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"Dear Frankie"
Reviewed by: Kim Anehall
Genre: Drama
Video: Anamorphic Widescreen 1.85:1
Audio: Dolby Digital 5.1
Languages English, French
Subtitles English, Spanish
Length 105 min
Rating PG-13
Release Date July 5, 2005
Studio Miramax Home Entertainment
Commentary: “by Director Shona Auerbach”
Documentaries: “The Story of Dear Frankie”
Featurettes: None
Filmography/Biography: None
Interviews: “Interview with Director Shona Auerbach”
Trailers/TV Spots: None
Alternate/Deleted Scenes: “8 Deleted Scenes”
Music Video: None
Other: None
Cast and Crew: Emily Mortimer, Jack McElhone, Mary Riggans, Sharon Small, Katy Murphy, Sean Brown, Jayd Johnson, Cal Macaninch
Written By: Andrea Gibb
Produced By: Caroline Wood
Directed By: Shona Auerbach
Music: Alex Heffes
The Review:

In a time of email, chatting, and text messaging, director Shona Auerbach transcends the power of written words on paper into an affectionate and poignant tale of a single parent's love for an only child. The altruistic affection of Lizzie (Emily Mortimer) tries to accommodate a normal childhood for her deaf son, Frankie (Jack McElhone), while trying to provide a safe and nourishing upbringing for him. Through this process she has created a father image for Frankie who always travels on the seven seas onboard the Accra. The only means of communication between Frankie and his fictionalized father is through letters, which his mother secretively writes. ***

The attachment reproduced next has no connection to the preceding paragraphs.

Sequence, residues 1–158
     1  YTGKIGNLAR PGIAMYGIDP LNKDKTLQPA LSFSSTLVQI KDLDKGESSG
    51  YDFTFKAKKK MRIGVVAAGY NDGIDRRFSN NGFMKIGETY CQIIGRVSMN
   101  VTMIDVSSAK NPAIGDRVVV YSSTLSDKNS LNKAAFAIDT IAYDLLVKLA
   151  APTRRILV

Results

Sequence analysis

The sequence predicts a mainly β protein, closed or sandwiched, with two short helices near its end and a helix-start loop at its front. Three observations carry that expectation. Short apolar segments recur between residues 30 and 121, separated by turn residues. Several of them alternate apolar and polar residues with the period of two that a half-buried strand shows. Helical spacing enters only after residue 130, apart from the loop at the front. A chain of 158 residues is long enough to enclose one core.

What Frankie does not know is who his real father is, as Lizzie constantly tries with the help of her mother (Mary Riggans) to keep the secret alive through the made up sailor who provides Frankie with fatherly comfort. The film opens with Frankie and Lizzie preparing for a move to a Glasgow. In Glasgow, Frankie gets into trouble with a kid called Ricky (Sean Brown), who first tries to pick on him for being deaf, but Frankie is way too smart for a bully such as Ricky. However, Ricky continues to pester him and reveals that Accra is coming to town. This leaves Frankie slightly confused, as he does not understand why his father would not have told him. Ricky tries to capitalize on his confusion by making a bet that his father is not coming to Glasgow. ***

It is with much agony and pain that the mother tries to find a way to save the day for Frankie, as she knows about the bet and how it would make him feel on his upcoming birthday as well. Nonetheless, Lizzie comes up with a clever solution to hire a man to pretend to be Frankie's father, which would save Frankie's face and make him very happy. Meanwhile, Frankie's real father's family has located them, and also desire to see Frankie. This puts Lizzie under a very stressful situation, as she cannot run due to Frankie's pretend father's arrival while trying to hide the truth for him. ***

Initially Dear Frankie seems like a melodramatic story, but through Auerbach's attention to details and the minimal in each scene he raises the film far above average. The success rests completely within simplicity where the appearance and action of the characters reveals far more than just a presence. Every single character comes with words, but also actions consistent to their character. Auerbach brings the audience’s attention to the actions of the characters and not the words. Furthermore, Frankie's deafness provides an analogy that suggests that what one see is more important than what one hears. In the scene where Lizzie visits the real father the audience can also see his actions, see him speak for himself, and see why Lizzie left him in the first place. ***